I think i will give them all the 1.0ec and hope they dont get a nute burn later, the ec sounds really high for seedlings and i also asked them if i should use 1.0ec if i plant seedlings into their coco, and if i should wash out that 0.4ec salts with the nutrient solution at 1.0ec or only water the pots a little and dont care about the salts in the coco.
    Canna coco says with their fertilizer and their coco you must add 0.6ec of their coco fertilizer because of the buffers and normal you use tapwater with this nutrients so the ec would be also around 0.9-1.0 if you add the seedlings in their coco n and the coco nutes.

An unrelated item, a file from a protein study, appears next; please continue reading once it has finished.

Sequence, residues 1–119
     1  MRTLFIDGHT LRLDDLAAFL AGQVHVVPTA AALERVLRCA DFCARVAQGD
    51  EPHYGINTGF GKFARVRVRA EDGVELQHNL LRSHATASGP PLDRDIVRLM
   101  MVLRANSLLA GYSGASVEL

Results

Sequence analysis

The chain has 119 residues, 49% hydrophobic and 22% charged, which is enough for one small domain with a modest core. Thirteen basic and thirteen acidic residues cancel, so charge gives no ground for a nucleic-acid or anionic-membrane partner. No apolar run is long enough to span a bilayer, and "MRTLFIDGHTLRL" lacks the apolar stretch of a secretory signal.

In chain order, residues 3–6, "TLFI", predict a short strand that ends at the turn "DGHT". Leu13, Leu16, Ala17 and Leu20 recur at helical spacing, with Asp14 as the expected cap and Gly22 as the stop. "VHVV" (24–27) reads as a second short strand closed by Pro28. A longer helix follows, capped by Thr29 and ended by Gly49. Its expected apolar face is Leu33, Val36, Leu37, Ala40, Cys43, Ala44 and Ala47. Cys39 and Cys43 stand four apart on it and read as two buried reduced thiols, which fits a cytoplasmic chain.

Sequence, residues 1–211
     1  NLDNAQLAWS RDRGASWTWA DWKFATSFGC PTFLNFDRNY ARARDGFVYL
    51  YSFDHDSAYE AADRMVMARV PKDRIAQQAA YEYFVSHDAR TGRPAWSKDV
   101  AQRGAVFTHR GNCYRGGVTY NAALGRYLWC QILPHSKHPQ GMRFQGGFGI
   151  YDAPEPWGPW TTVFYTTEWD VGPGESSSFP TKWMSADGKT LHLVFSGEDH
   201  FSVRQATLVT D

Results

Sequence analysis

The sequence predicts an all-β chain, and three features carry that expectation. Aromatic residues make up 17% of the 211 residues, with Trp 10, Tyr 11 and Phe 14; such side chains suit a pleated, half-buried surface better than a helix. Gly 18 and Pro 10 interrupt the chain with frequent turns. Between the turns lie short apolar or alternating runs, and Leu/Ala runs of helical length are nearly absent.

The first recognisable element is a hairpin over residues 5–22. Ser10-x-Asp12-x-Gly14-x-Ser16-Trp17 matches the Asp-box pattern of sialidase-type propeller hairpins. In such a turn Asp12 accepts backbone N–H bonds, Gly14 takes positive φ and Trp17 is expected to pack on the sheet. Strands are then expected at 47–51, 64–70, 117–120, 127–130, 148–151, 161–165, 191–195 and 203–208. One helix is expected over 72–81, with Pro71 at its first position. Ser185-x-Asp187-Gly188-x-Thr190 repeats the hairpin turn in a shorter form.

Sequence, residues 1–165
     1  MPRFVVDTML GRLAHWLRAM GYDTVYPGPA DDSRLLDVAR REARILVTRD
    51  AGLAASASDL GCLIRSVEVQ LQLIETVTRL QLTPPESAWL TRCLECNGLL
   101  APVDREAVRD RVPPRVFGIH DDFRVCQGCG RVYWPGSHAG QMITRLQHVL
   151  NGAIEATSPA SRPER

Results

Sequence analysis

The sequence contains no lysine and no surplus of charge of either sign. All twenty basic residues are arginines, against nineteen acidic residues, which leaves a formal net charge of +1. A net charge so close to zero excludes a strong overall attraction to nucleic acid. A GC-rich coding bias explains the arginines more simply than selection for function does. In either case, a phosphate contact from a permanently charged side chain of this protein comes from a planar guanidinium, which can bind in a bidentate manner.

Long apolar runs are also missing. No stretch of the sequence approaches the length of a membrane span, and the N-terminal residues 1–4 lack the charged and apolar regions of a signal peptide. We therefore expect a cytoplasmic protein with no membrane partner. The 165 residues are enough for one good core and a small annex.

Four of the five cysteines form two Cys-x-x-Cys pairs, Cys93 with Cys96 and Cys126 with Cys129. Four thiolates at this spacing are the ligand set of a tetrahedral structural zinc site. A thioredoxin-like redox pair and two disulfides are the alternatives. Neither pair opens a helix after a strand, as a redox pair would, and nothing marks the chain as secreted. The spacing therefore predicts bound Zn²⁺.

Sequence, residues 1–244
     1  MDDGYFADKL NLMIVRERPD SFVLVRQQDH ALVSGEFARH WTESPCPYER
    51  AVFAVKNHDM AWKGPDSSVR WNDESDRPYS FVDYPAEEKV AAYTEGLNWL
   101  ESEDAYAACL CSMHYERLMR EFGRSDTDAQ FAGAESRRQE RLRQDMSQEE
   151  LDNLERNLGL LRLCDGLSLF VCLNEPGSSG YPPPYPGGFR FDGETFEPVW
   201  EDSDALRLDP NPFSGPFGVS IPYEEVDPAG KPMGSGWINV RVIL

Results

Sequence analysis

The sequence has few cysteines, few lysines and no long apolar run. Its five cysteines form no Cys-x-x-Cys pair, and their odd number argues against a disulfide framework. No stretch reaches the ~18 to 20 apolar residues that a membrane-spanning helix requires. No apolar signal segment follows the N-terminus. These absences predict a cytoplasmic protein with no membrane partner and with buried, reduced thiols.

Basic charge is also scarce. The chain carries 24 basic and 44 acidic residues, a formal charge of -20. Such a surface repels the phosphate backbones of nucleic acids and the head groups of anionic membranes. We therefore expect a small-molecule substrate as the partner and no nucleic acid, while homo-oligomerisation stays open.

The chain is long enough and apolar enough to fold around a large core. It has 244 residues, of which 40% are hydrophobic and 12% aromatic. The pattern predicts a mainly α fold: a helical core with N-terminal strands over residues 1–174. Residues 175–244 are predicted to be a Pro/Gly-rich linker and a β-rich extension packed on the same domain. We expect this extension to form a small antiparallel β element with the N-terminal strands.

I also dont feed until the coco lookin light brown on the top and i hope the seedlings just build their root structure in the coco and will give me fast growing plants in some days.

    Would you add an ec of 1.0 like the guide from ugro says even if you put the seedlings in the coco? 🤔 Dont know how much salts or ec a seedling can handle and dont get burnt or grow slow because of too much fertilizer.
    If you write an article about how to start seeds in coco i really would love it. I read every article the next weeks and keep up the good work and thanks again that you always write back and i will comment the next days if something has improved or if the plants are still lazy 😁